Section 9. Participation of Attorneys
Attorneys may appear with clients during alternative dispute resolution proceedings.
Section 10. Procedure for Initiating Participation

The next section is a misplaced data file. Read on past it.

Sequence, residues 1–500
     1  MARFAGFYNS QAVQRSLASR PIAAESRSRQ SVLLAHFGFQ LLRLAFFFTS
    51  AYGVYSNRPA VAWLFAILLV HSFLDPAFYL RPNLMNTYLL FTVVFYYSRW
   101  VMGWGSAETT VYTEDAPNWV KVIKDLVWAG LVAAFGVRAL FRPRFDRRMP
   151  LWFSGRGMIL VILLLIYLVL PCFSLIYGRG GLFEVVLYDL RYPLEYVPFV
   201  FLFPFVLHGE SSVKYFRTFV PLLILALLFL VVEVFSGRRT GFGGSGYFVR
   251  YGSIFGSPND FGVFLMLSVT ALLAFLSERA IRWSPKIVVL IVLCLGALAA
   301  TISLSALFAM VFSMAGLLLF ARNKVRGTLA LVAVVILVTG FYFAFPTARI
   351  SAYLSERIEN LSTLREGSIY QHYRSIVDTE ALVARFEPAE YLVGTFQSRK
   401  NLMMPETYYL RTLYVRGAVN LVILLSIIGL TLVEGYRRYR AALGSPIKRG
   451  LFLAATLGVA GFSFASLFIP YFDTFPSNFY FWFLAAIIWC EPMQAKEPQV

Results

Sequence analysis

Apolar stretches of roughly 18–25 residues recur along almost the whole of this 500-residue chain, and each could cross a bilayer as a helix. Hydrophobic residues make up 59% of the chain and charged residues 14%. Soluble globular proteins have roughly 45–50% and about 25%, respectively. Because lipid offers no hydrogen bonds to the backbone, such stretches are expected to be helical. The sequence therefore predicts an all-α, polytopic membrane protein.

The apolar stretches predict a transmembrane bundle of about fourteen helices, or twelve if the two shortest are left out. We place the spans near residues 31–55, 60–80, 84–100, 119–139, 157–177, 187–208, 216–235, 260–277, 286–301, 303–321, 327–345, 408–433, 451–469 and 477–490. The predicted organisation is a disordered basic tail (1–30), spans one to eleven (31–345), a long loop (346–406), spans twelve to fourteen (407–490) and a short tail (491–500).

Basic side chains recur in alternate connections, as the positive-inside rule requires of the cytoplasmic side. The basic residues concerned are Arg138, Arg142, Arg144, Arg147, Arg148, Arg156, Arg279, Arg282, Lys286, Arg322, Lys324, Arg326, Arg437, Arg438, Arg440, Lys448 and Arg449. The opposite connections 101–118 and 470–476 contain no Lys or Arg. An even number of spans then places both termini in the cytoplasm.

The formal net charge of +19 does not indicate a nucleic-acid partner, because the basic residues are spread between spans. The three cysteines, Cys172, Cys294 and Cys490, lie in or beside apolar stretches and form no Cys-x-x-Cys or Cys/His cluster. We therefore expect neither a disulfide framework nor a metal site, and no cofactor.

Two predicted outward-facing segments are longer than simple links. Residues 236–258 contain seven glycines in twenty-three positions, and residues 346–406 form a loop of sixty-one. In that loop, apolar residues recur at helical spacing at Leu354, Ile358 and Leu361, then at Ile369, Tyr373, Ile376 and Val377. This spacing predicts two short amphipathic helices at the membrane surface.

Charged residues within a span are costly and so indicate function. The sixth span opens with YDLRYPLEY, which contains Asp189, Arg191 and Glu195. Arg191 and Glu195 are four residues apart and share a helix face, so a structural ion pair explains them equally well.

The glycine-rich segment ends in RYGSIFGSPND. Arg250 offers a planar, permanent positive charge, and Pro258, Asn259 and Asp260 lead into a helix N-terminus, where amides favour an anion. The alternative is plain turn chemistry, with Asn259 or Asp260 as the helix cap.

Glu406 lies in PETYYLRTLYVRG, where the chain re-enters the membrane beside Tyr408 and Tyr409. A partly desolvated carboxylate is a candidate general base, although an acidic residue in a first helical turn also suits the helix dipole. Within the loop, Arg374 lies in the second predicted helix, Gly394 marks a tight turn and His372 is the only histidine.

(a) After all parties are before the court, the court may, on its own motion, or on the motion of any party, order the parties to participate in alternative dispute resolution proceedings authorized by these rules.(b) Before ordering the parties to participate in alternative dispute resolution proceedings, the court shall confer with the attorneys for the parties and any unrepresented parties with regard to whether (1) participation in alternative dispute resolution proceedings is appropriate, and (2) if so, the most appropriate method of alternative dispute resolution for the case.(c) Within fifteen days of the Order of Reference ordering participation in a dispute resolution proceeding, other than a judicial settlement conference, the parties must notify the court of the Rule 31 dispute resolution neutral agreed to by the parties or of their inability to agree on a neutral. In the event the parties cannot agree, the court will designate, at random, three Rule 31 dispute resolution neutrals and one additional Rule 31 dispute resolution neutral for each additional party over two. The court's designation shall be random unless the matter requires particular expertise not possessed by all Rule 31 dispute resolution neutrals. Only in such extraordinary circumstances can the court designate specific Rule 31 dispute resolution neutrals possessing the particular expertise. After receiving the court's designation, the parties shall each strike one name from the court's designations. The court shall appoint the remaining Rule 31 dispute resolution neutral unless a valid and timely objection is made and upheld. In that event, or in the event the designated neutral cannot serve, the process will be repeated.(d) The clerks for each judicial district shall maintain and make available to the public, upon request, a list of Rule 31 dispute resolution neutrals approved by the Commission on Alternative Dispute Resolution, the date of their approval, and their qualifications and experience.